It has also been postulated as an apparent reason sex work should be eradicated that in the case of survival sex work (which refers to someone who feels they are in a position where they must do sex work in order to survive), the workers don’t have any other options. While I don’t disagree with this and certainly don’t find it optimal, it is the case for many professions. That is an issue with economics and our economic systems and structures rather than lines of work themselves. Many people feel reliant on jobs they dislike or would rather not do. The economic system in which we live is capitalistic, and at this point, literally almost every product or service imaginable has been allowed to be commercialized. Sex is, for some reason, a mysterious holdout in receiving the legitimacy to be offered for money…an irony given that it’s been labeled the oldest profession in the world.

Frequently, I have seen utilized as a supposed reason to invalidate the sex industry the audacious claim that sex workers essentially don’t know any better, in the form of the claim that a “vast majority” of them were sexually abused as children. To which I say sincerely and straightforwardly:

What is your point?

First, I don’t know how exactly anyone claims to know this. In order to, one would need to do some pretty serious and comprehensive studies of a representative amount of sex workers, and that seems an unlikely endeavor, if for no other reason than that sex workers are often working anonymously due to the criminalization of their profession. But to speak to the claim for a moment nonetheless, first, for a beautiful elucidation on it, please read this, which I have already recommended and quoted from once on this blog. Here, I myself will say that there is a fine (if existent) line between saying, “The abuse you endured is not your fault,” with which I wholeheartedly agree, and saying, “It wasn’t your fault that you endured sexual abuse when you were a child, but now you’re making a faulty decision as a result of it, and you don’t and can’t realize that because you don’t know any better due to what happened to you as a child. It wasn’t your fault that it happened, but now you don’t have the capacity to live your life and make adult choices, so I’ll tell you what to do since I know better and can thus see that what you’re doing is bad even though you can’t.” To deny a competent adult the autonomy to choose their own profession regardless of their past experiences is disempowering, infantilizing, and intrusive. It is reducing them to their experience of abuse and saying that they themselves are not capable of the awareness to make subsequent choices in their lives—only you know what is best for them because they simply can’t because of what they experienced in the past.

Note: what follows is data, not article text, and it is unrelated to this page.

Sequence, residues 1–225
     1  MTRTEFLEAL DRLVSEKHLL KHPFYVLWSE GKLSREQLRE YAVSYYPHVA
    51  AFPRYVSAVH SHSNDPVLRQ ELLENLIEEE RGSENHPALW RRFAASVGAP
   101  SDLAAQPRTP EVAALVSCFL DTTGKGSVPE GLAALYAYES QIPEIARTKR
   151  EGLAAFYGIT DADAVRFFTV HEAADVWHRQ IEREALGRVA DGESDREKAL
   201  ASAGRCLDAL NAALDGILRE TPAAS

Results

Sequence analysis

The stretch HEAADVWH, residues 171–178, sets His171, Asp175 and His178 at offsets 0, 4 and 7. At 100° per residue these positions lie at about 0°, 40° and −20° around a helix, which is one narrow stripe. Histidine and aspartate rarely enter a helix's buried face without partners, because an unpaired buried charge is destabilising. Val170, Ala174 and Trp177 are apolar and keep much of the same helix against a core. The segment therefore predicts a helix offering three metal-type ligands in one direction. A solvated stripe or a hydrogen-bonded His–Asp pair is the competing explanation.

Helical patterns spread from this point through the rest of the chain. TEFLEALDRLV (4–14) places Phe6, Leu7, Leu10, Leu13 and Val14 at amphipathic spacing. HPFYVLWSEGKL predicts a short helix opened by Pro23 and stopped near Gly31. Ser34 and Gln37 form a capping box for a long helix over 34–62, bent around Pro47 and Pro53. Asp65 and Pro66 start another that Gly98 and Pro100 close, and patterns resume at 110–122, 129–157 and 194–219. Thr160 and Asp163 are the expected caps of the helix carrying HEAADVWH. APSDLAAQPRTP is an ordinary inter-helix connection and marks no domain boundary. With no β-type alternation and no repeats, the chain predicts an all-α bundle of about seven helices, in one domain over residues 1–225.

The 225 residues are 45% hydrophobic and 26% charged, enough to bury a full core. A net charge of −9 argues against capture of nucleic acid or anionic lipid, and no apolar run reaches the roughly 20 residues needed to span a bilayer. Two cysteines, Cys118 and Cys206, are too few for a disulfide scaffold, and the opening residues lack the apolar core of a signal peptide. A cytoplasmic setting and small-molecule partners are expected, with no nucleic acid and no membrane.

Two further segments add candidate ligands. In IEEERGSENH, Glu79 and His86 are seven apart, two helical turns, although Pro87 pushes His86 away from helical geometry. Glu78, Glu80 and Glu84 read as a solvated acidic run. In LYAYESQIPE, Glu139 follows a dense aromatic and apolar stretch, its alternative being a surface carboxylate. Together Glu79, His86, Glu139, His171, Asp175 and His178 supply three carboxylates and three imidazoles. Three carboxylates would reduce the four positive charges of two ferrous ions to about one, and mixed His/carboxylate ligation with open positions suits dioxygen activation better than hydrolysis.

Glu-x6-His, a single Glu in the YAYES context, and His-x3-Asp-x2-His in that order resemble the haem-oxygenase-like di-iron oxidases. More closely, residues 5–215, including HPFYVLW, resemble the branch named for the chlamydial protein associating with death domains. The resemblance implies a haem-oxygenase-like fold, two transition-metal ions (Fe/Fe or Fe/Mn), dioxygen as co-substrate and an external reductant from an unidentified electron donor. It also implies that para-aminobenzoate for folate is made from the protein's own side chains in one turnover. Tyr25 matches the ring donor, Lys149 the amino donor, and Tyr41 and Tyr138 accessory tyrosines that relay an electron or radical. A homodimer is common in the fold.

It is difficult for me to imagine a more disempowering (and wholly inappropriate) approach to someone who experienced personal violation at a time when they could not protect or defend themselves.

If your point is that those people should have other options or access to psychological or medical support, by all means, let’s do what we can to offer it. That of course is another economic issue that seems ignored in this relatively easy quest to suppress the rights and livelihoods of sex workers. Actually addressing the extraordinary inequality of access to health care, including mental health care, in our species would call for a tremendous amount of introspection and grounded consideration. It appears indeed much easier to perpetuate the largely unquestioned perspective that sex work is just “bad” and somehow almost exclusively performed by people who were abused as children as though that somehow invalidates their present circumstances and choices (and as though those who experienced such abuse as children don’t also choose other professions; are those choices invalid as well?).

The widely held perspectives and actions above (certainly including the passage of FOSTA/SESTA) lead to circumstances that perpetuate an injustice to autonomous adults choosing to work in the sex industry, make their lives more practically difficult, force sex workers into more dangerous scenarios due to the illegality of their job, facilitate survival sex workers’ entrance into states of poverty, and in some cases, all of the above. They are also, arguably, perpetuating our own underlying fear of, issues around, and/or lack of reverence for human sexuality in a way that intrudes upon consenting adults’ experience of it. It is high time for us to realize this and allow shift and release around the tremendous distortion historical and collective perspectives about sex work comprise.